Tuesday, October 25, 2011

Tea and Sympathy (1956)

Writer Tom Robinson Lee (John Kerr) attends his 10-year reunion at Chilton boarding school and reminisces about his last year there. Intelligent, shy and sensitive Tom is not like the other boys, preferring to remain alone and play what they term “long hair” music. Secretly he has a crush on Laura Reynolds (Deborah Kerr), the relatively new wife of dormitory headmaster Bill Reynolds (Leif Erikson). Tom sees in her a mother figure that has been denied him since age five when his mother left. Since then his father Herb (Edward Andrews) has kept him in a series of boarding schools. Hoping that Reynolds, who is also a former classmate and alumni of Chilton, can make a man out of his son, Mr. Lee has no qualms about what kind of drastic measures need to be taken to do so. The situation is exacerbated when, in an attempt to spend more time with Laura, Tom is caught in a sewing circle on the beach by some of his classmates earning him the name “Sister Boy Lee”.  Reynolds, who all the boys look up to as an example of masculinity does nothing to stop the vicious rumors that begin with such name calling. Laura witnesses what’s unfolding and tries to get her husband to me more sensitive and mature about the situation. However Reynold’s demands she keeps a polite distance from the situation, claiming she is babying Tom. This only another example to Laura that Reynolds is pulling away from her since they’ve been married. She can’t seem to draw his attention away from the male students, even to the point where he has invited some of them on their vacation.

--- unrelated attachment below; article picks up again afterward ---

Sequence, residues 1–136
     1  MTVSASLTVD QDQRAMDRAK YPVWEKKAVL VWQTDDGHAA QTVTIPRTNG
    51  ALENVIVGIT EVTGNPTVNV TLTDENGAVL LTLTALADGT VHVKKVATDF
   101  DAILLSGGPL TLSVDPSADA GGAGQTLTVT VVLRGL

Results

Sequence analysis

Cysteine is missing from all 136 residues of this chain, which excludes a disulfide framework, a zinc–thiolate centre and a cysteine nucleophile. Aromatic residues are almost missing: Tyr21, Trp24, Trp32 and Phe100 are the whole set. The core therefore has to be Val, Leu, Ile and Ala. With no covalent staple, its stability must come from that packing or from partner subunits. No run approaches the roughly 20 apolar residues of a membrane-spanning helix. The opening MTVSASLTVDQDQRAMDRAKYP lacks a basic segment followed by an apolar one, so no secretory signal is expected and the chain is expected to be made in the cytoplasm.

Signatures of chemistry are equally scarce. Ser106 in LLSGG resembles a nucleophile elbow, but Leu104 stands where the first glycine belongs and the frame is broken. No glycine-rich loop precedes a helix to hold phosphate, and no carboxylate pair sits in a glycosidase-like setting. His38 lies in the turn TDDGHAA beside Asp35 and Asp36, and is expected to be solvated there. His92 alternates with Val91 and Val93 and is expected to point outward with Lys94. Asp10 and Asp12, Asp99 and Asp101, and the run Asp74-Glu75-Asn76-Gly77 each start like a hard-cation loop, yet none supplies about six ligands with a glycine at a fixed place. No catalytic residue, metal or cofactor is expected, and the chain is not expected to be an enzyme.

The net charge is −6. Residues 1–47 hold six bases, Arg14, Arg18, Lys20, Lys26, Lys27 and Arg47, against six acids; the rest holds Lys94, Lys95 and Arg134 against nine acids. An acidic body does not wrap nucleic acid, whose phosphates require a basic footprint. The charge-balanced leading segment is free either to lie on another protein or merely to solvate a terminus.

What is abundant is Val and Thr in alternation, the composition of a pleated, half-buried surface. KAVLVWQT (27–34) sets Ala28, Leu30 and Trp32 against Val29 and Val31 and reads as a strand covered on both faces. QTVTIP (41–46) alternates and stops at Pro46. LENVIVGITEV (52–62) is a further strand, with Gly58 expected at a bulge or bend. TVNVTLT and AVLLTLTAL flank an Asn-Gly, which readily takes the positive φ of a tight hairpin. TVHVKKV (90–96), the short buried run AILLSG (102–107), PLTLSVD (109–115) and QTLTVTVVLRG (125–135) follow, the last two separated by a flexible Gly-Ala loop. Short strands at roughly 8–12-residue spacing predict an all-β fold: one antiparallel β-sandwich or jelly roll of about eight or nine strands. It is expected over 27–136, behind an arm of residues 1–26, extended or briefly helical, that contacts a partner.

Soon the boys begin to taunt Tom even though his roommate, Al Thompson (Darryl Hickman), a star athlete, comes to his defense. When his father visits to watch his tennis match, the only sport Tom likes, he hears the boys mocking Tom. Though his son is winning the match, he leaves it to go and watch the baseball team much to Tom’s disappointment. Later Mr. Lee encourages his son to be more manly by cutting his hair in a crew cut and urging him to interact with the soda shop waitress Ellie Martin (Norma Crane), as the other boys do. Before he leaves, Mr. Lee visits Reynolds and expresses shame that Tom is not like the other boys.  Laura overhears them discuss the evening's bonfire, at which new boys, wearing pajamas, are chased by the older students who will attempt to rip the clothes off of them (insert irony here). Mr. Lee and Reynolds hope the boys will be harder on Tom as a sort of lesson. Laura attempts to intervene and tries to explain to Reynolds that some boys, like her first husband who dies in the war, are simply more sensitive. This only serves to infuriate Reynolds who is becoming more and more upset by Laura’s attention to Tom. Mr. Lee’s visit is further damaging when he realizes that Tom will be playing a female role in the school play. Demanding that he quit the part, Tom must call the director immediately.